Camera Flash Igniter

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Since the birth of my web pages, I've had many inquiries about how to make an electronic ignition system from a disposable flash camera. In response to these requests, I've encouraged people to look into the high voltage flyback system instead, which, I believe is a better system. But for those of you who are determined to make a camera flash system work, this page is for you. I was fairly impressed on how easy this system was to put together and its reliability for firing. It also produces a quite impressive "bang" of a spark!


This page describes a simple way to use a disposable camera flash circuitry while minimizing additional components to create an electronic ignition source. Camera flashes typically operate by charging up a nice-sized (200-500 uF) capacitor to approximately 300 Volts. The capacitor electrodes are connected to each end of the flash tube. When the picture-taking button is pressed, another small capacitor is discharged through the trigger transformer. The trigger transformer then generates a high voltage pulse that ionizes a thin path between the two photo flash electrodes. This ion trail provides a low resistance path for the photo flash capacitor charge, which ionizes most of the gas inside the tube.

So basically, the flash circuit will be operating as normal with only one exception. The flash tube will be eliminated and the electrodes will be exposed to a fuel/air mixture environment.

Connecting to the Camera Flash circuitry

At this point I would like to mention that getting zapped by a 300 Volt flash capacitor is not going to feel too groovy. So please be careful and try not to make the current path go across your heart. We only need to make three connections to the flash circuitry. First disassemble your camera being careful not to destroy the mechanical shutter system as this triggers the flash. Next take out the battery and locate the main storage capacitor in the camera. It should look like a cylindrical fellow, shaped kind of like a battery. Once you have found this guy, make sure it is discharged by shorting its leads together with a screwdriver. This is gonna make a big ball of sparks if it was charged up, so be careful. Now you need to find the flash tube and remove it. Now I donít mean remove it with hammer, you need to be gentle. There should be two connections to the tube itself, these are the leads from the main capacitor. Unsolder the flash tube and solder in some wires where the tube used to be. These two wires will go to your electrode system and will carry the charge from the capacitor to the spark gap. Keep these wires short and use a moderate gauge of wire.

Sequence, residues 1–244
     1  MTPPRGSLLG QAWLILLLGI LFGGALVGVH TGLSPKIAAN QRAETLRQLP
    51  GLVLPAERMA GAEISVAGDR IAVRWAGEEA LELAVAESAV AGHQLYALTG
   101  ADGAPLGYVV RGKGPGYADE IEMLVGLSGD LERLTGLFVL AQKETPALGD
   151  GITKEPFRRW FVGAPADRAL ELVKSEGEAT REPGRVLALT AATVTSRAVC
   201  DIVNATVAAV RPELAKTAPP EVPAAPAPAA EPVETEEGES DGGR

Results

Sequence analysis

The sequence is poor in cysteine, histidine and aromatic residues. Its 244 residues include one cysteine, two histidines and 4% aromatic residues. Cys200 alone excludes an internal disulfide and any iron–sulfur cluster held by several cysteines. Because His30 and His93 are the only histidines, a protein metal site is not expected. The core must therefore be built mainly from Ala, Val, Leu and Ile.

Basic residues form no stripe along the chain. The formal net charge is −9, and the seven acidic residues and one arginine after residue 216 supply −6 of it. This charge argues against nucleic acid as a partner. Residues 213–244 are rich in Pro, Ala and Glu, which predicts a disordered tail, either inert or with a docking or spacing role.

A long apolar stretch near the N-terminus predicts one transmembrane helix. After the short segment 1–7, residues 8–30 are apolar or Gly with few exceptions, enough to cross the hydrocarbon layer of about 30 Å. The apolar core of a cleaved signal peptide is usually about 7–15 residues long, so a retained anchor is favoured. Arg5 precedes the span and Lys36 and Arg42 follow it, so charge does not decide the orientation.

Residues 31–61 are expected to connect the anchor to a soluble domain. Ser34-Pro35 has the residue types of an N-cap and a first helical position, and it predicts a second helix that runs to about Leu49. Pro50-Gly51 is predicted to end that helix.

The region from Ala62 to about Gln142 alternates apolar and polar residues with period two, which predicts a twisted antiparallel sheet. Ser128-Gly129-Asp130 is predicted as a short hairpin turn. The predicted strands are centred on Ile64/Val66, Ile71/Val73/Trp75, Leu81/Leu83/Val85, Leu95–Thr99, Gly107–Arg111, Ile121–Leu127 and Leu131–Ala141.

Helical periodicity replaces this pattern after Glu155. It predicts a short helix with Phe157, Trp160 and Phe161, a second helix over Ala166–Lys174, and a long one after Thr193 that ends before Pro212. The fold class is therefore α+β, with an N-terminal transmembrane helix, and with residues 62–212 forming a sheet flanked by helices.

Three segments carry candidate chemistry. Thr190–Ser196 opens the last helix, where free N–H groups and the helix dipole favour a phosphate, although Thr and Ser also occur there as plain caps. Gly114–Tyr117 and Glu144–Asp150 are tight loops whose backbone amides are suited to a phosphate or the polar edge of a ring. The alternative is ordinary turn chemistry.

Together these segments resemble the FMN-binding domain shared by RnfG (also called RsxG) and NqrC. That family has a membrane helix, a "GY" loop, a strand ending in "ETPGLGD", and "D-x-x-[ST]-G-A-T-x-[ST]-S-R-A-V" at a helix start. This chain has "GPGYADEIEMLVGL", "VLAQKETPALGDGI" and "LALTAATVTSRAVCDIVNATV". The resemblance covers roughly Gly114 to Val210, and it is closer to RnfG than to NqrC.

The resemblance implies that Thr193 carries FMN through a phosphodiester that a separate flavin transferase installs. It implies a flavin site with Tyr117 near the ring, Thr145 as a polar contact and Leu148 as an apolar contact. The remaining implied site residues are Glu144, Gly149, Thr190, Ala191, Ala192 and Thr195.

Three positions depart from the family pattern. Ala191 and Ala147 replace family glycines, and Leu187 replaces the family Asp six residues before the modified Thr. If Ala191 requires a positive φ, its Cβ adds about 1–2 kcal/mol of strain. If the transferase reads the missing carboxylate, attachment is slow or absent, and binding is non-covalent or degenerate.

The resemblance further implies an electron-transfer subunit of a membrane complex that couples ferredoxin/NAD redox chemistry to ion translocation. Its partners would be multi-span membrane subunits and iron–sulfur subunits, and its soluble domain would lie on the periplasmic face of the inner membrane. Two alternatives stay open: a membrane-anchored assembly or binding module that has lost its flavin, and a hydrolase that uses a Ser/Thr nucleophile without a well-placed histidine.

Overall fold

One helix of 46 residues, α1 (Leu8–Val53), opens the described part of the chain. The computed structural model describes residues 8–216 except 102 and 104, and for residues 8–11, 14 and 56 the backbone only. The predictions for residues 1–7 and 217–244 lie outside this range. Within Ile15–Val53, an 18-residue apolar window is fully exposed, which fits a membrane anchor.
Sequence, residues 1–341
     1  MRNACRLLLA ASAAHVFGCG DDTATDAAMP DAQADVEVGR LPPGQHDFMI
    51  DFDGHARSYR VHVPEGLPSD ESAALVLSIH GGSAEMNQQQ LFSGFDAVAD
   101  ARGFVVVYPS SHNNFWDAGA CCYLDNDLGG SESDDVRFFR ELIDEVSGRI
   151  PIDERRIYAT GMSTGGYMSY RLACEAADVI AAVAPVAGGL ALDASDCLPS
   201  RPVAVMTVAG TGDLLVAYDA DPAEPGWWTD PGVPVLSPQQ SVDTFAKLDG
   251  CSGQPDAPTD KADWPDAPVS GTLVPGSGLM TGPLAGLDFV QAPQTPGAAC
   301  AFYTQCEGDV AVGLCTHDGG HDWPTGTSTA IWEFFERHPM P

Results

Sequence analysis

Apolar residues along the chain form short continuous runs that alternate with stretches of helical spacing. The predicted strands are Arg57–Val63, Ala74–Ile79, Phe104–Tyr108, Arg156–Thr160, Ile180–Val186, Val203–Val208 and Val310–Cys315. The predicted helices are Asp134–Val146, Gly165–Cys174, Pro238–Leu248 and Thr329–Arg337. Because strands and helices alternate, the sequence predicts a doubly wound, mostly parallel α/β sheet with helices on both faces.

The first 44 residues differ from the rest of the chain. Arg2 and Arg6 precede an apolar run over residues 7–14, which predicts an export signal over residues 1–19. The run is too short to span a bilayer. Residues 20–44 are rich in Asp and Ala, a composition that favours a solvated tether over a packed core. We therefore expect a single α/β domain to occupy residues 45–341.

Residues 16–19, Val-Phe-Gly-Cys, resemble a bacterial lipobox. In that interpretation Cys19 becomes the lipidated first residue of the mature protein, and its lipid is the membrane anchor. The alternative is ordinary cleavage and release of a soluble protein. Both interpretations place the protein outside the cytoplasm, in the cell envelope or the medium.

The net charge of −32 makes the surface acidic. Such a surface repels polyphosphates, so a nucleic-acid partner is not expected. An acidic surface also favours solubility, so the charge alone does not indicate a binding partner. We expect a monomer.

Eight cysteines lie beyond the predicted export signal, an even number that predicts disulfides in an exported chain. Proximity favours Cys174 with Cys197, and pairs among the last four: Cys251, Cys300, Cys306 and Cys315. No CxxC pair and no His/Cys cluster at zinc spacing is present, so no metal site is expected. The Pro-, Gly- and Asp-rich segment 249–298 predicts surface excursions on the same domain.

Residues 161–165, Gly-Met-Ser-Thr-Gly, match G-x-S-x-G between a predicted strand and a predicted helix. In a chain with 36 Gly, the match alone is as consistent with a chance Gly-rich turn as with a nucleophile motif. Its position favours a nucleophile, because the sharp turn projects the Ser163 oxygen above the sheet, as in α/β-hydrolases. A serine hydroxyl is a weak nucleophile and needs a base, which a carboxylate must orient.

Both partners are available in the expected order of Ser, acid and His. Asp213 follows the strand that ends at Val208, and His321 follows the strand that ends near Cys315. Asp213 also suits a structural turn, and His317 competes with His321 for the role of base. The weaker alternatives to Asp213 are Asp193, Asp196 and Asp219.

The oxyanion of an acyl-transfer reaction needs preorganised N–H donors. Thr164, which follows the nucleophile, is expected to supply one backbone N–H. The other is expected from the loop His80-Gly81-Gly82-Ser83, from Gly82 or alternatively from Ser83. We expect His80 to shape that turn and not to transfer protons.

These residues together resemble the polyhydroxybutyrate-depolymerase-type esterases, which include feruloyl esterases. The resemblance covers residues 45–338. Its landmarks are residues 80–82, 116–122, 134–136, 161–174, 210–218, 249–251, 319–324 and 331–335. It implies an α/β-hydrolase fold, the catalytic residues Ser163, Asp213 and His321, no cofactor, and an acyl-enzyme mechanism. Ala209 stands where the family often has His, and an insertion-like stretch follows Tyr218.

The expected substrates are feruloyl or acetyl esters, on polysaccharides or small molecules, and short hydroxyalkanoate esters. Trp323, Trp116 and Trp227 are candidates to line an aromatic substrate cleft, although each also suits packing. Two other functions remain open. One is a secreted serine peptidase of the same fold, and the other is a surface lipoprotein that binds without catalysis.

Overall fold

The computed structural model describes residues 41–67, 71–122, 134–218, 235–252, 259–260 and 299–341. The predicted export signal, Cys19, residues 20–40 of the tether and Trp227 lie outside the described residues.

Once the flash tube has been removed, you need to find the trigger transformer output. The trigger transformer output should be a wire soldered to the flash tube reflector or wrapped around the tube somehow. Solder a wire on to this guy or to the reflector itself. This wire will also go to your electrode system and will initiate the spark. Keep this wire away from any other wires or circuitry as regular wire insulation is not rated for the voltage that this will carry.

Electrode Configuration